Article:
The source of a mysterious hum on the Shore is yet to be found.
It has been almost a year since Massey University Albany senior lecturer Tom Moir and lecturer Fakhrul Alam started investigating the hum heard by a number of residents in Birkenhead, Albany, Glenfield, Takapuna, Torbay, Orewa and Whangaparaoa.
The story, originally reported in the North Shore Times, made headlines as far as Sydney.
"Some people have said it's almost as if somebody had switched something on next door, or nearby, and others have reported burns on their bodies," Dr Moir says.
"I have been unable to find the cause of that. It could be just a medical condition."
The hum is said to be a low-frequency buzzing said to make those who hear it feel sick or suffer sleep deprivation, eye strain, nose bleeds or heart palpitations.
It is reported to have been heard as far back as 1970 on the Shore and as far away as the Scottish seaside town of Largs and Taos in New Mexico.
After extensive coverage in the North Shore Times sufferers came forward to describe their experiences.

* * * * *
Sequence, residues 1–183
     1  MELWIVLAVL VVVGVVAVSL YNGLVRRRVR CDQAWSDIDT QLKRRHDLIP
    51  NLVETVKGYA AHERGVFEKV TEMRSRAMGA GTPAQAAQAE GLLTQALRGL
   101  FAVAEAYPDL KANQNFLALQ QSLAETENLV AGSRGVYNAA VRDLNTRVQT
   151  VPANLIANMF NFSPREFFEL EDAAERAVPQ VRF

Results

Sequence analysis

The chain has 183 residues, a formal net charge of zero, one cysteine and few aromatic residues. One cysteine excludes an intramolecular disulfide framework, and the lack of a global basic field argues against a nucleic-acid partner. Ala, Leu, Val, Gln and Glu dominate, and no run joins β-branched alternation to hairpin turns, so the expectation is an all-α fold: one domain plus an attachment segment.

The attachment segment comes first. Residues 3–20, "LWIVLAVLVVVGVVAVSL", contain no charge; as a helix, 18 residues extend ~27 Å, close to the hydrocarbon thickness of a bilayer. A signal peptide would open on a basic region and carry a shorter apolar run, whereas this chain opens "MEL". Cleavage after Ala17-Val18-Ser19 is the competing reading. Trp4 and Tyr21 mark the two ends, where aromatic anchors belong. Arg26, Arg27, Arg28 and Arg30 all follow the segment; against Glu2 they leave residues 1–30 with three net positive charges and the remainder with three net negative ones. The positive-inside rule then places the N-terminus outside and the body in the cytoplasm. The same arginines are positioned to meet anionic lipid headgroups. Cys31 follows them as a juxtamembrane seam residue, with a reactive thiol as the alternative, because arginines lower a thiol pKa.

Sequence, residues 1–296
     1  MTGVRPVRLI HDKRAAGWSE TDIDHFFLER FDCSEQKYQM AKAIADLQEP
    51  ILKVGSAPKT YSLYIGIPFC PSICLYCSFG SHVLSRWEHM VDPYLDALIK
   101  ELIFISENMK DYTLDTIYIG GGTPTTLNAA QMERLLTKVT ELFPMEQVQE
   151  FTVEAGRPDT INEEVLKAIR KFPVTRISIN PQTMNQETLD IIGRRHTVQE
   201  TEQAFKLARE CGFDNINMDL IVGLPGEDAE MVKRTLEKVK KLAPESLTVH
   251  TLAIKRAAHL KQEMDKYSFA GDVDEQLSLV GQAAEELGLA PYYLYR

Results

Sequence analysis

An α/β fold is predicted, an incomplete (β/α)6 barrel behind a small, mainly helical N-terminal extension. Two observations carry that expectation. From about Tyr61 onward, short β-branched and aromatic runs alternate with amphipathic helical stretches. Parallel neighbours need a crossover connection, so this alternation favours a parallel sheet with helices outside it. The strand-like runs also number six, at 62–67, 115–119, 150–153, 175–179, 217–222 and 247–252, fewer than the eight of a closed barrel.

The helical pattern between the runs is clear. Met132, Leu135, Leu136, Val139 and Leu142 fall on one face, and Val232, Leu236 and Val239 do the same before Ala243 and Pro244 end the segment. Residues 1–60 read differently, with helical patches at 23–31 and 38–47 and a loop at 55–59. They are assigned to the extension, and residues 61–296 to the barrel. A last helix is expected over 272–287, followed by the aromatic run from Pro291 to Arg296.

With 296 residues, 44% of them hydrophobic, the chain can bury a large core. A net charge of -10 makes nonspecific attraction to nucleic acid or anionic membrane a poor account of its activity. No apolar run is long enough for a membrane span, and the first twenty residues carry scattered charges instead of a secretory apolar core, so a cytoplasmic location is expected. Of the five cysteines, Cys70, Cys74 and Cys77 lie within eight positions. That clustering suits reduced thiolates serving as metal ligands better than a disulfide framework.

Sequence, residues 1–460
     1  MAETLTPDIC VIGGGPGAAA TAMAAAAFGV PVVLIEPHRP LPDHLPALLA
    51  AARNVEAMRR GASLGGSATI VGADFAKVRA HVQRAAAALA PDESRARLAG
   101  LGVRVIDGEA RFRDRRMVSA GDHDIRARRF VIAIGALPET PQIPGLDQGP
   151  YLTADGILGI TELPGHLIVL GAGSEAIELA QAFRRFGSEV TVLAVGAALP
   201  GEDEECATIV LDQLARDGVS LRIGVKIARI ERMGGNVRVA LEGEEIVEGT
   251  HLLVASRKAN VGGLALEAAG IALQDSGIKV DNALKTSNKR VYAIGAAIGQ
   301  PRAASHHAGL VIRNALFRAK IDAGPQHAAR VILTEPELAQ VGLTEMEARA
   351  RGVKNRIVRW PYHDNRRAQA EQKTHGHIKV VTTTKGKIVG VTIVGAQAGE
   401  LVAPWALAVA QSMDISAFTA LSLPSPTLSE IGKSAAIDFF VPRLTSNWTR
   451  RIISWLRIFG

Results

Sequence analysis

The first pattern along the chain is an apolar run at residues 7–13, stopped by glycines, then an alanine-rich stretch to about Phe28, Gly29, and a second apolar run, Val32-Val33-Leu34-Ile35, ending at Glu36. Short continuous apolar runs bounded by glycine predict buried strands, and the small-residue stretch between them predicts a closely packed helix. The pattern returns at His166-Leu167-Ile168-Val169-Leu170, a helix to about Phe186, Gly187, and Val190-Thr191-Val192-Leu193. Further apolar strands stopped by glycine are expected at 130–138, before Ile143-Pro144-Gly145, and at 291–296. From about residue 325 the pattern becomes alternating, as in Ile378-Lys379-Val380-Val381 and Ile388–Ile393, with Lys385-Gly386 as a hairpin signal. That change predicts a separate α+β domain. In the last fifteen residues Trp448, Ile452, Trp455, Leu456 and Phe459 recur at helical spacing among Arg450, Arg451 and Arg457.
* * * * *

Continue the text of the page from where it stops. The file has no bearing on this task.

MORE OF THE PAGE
Last year Marie Peard said she only heard the hum inside her Birkenhead home.
Birkdale resident Ian Richards said the hum was so bad he moved from Northcote, but it did not stop. He described it as a low, electrical, vibrating sound.
Dr Moir says since he recorded the hum last year various people have approached him about it.
"A few were a bit weird and some were normal people.
"What interests us is the effect on the human body of high-frequency radio waves.
"Some people claimed the noise comes from the mobile phone masts. I don't share this view but I accept that in the history of man we have never lived in an age like this where electromagnetic waves are everywhere."
Dr Moir says he wants to know if there is a link between the noise and electromagnetic waves.
- © Fairfax NZ News